Federal efforts to speed up the removal of spent radioactive fuel from power plants like the mothballed San Onofre Nuclear Generating Station are gaining momentum and inspiring guarded optimism among local officials.
Critics, however, remain deeply skeptical.
In January, the U.S. Department of Energy launched a new push to create temporary nuclear waste storage sites in regions eager for the business, currently in West Texas and New Mexico.
Several such sites could be up and running while the prickly question of finding a location for a permanent repository – the root of the present paralysis in nuclear waste disposal – is hashed out.
“That could mean moving the fuel from San Onofre a decade earlier than is envisioned now, maybe more,” said David Victor, who chairs the San Onofre Community Engagement Panel. The volunteer group of academic, industry, environmental and local government representatives advises the plant’s owner, Southern California Edison.
“I am cautiously optimistic,” he said.
Victor, director of the Laboratory on International Law and Regulation at UC San Diego, met with officials in Washington this month to convey populous Southern California’s eagerness to solve the nuclear waste storage problem. An update on those efforts, as well as the latest on plans to dismantle the shuttered twin reactors, will be presented at 6 p.m. today at the San Onofre Community Engagement Panel’s quarterly meeting in Oceanside.
Decommissioning the plant south of San Clemente is expected to cost $4.1 billion and be mostly completed by 2030. But spent nuclear fuel is expected to remain on the beachside bluff much longer.
Some 72,000 metric tons of highly radioactive waste has piled up at 75 commercial reactor sites in America over the past half-century, according to a recent review by the U.S. Government Accountability Office.
That’s not how it was supposed to be.
To encourage the development of nuclear power, the federal government passed the Nuclear Waste Policy Act of 1982, promising to accept and dispose of spent fuel and high-level waste by Jan. 31, 1998.
Utilities operating nuclear power plants made payments into a Nuclear Waste Fund to pay for disposal.
About $750 million a year was collected from ratepayers, and the disposal program’s funding grew to $41 billion over three decades. But the federal government never accepted any commercial nuclear waste for permanent disposal.
The nuclear industry sued, and a federal judge found that the U.S. Department of Energy couldn’t continue charging for a service it not only wasn’t providing, but wouldn’t provide for many decades. In 2014, utilities stopped collecting the charge – about 20 cents a month on the average electric bill. After the government spent $10 billion on a now-abandoned plan to create a permanent disposal site at Nevada’s Yucca Mountain, about $30 billion remains in the fund, earning about $1 billion in interest a year.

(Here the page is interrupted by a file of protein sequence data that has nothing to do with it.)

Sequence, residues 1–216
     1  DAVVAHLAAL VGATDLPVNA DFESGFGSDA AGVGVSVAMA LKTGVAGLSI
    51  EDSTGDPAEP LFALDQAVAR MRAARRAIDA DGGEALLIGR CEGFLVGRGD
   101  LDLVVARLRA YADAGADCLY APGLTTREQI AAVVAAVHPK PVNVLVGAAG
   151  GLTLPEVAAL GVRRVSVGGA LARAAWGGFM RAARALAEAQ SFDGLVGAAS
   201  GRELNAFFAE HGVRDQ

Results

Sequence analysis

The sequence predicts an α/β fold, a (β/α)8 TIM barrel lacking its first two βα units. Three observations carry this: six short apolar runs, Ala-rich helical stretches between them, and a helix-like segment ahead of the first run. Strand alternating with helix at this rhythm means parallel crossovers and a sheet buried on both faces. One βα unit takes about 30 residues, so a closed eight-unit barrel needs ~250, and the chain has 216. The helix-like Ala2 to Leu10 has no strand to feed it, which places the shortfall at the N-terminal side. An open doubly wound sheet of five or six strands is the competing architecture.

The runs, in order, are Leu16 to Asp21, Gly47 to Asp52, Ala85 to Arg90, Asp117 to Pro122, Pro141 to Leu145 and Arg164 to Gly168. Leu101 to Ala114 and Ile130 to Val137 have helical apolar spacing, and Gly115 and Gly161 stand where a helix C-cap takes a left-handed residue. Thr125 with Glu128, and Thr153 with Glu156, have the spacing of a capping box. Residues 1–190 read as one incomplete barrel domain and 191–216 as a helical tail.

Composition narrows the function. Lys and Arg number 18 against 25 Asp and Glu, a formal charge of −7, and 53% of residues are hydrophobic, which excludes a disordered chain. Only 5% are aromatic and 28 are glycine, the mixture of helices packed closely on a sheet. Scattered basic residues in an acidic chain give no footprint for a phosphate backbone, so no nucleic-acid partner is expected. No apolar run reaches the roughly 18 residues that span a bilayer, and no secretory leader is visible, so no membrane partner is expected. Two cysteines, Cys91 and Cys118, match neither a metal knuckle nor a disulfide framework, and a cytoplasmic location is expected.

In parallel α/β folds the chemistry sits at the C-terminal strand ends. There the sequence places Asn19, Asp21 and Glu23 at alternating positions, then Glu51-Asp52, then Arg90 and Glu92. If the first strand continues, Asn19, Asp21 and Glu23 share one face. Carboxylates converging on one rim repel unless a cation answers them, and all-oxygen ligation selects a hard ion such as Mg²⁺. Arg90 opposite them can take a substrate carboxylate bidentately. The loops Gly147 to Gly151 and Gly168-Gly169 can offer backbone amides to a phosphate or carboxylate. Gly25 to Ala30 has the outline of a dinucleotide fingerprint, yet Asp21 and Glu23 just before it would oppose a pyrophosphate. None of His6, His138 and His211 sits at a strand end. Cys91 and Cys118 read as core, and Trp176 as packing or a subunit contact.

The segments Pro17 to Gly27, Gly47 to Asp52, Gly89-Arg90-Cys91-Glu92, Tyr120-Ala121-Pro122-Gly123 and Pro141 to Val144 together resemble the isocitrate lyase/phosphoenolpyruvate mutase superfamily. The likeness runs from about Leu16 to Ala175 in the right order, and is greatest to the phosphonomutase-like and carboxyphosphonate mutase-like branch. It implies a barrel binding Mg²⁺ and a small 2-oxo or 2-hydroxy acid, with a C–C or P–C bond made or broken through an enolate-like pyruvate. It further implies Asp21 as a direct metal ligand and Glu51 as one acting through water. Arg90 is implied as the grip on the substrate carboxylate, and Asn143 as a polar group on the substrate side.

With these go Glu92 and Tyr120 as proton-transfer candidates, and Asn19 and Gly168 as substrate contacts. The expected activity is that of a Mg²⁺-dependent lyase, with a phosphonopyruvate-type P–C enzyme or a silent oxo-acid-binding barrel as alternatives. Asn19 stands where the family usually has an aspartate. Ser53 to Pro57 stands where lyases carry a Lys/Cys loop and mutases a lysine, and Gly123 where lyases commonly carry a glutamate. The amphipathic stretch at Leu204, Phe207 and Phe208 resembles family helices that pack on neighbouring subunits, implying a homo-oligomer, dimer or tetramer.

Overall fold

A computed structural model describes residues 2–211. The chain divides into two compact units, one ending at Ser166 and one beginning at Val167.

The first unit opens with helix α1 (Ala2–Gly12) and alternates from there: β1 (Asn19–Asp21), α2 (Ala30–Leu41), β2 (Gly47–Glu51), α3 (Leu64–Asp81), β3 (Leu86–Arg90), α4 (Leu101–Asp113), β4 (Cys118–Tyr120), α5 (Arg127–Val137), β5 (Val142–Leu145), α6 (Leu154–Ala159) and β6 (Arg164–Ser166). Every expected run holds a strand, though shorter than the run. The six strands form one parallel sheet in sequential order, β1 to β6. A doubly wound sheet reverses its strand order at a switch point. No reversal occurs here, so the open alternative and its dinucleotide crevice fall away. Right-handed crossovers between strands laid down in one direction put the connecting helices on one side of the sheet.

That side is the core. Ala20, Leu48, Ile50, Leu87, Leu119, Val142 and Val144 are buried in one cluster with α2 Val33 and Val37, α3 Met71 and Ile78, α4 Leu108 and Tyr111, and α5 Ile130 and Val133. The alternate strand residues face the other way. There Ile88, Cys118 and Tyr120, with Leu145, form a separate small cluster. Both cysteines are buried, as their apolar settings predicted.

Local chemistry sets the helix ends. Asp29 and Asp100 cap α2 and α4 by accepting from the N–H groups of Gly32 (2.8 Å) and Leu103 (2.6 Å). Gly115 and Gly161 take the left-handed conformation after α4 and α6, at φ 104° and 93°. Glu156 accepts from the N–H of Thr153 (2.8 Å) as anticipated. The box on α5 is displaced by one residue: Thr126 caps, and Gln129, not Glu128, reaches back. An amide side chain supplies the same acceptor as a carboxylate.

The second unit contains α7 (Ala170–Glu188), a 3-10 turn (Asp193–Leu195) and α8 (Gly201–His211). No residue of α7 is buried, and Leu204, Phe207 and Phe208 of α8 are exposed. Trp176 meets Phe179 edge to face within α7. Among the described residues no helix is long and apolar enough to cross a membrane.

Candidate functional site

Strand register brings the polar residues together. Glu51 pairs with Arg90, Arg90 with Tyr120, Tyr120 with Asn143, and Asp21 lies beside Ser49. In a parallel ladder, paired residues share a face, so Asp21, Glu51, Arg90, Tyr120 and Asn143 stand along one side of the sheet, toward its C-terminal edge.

Local governments, including San Clemente, Laguna Beach, Oceanside, Encinitas and San Diego County, are pressing Washington to fulfill its obligations.
“We all want it gone,” said San Clemente City Councilman Tim Brown last month.
“We are very much in alignment with our nearby communities, which are making efforts to get the nuclear fuel moved off-site to another location,” said Maureen Brown, Edison spokeswoman. “Before it can be moved off-site, though, it has to be in a dry storage canister for transport. We are continuing with preparations to expand dry storage and get all the fuel out of the spent fuel pools.”
That’s supposed to be done by 2019. Edison has chosen Holtec International’s Hi-Storm Umax underground system for dry storage. The fuel is expected to remain in an “underground monolith” on-site through 2049, when Edison assumes the federal government will take custody of all spent nuclear fuel.
The Department of Energy will begin public meetings on the new push for interim storage sites on Tuesday in Chicago.
A second hearing is scheduled in Atlanta on April 11 and a third in Sacramento on April 26.
“(W)e in the communities surrounding SONGS have a keen interest in removing the spent fuel from the site,” Victor wrote in a recent memo to the Community Engagement Panel. “As the option of Yucca Mountain has stalled, spent fuel has been backing up at sites around the country with no place for permanent disposal. The idea of consolidated interim storage (CIS) could be a solution.
“As you know, the politics of this are complex and difficult in part because CIS is seen as a rival for Yucca Mountain, and many important politicians have adopted a ‘Yucca only’ approach to spent fuel storage,” Victor continued. “It is important that whenever we talk about CIS we portray this as a complement to Yucca Mountain and a complement to other long-term permanent disposal options, such as deep borehole technologies that are currently being tested. My sense from the meetings is that Yucca and CIS are, indeed, complements.”
San Onofre’s storage system will be part of a real-time experiment, as Edison partners with the Electric Power Research Institute to develop inspection techniques to monitor casks as they age.
No entity has previously done what Edison is planning – burying this kind of spent fuel in dry casks for decades. Critics have raised concerns about the ability of the casks to withstand the heat of the fuel over time.
Some don’t think temporary storage is the answer.
“If such a site were ever built, it would be a disaster for the hosting community,” said activist Ace Hoffman of Carlsbad. “DOE calls it ‘consent-based,’ but how can future generations that will have to deal with the mess give their consent? And why on earth would they?
“DOE calls it ‘interim,’ but what exactly that means has never been defined, except to mean ‘until a permanent repository opens up somewhere.’ Who’s going to fall for that line?”
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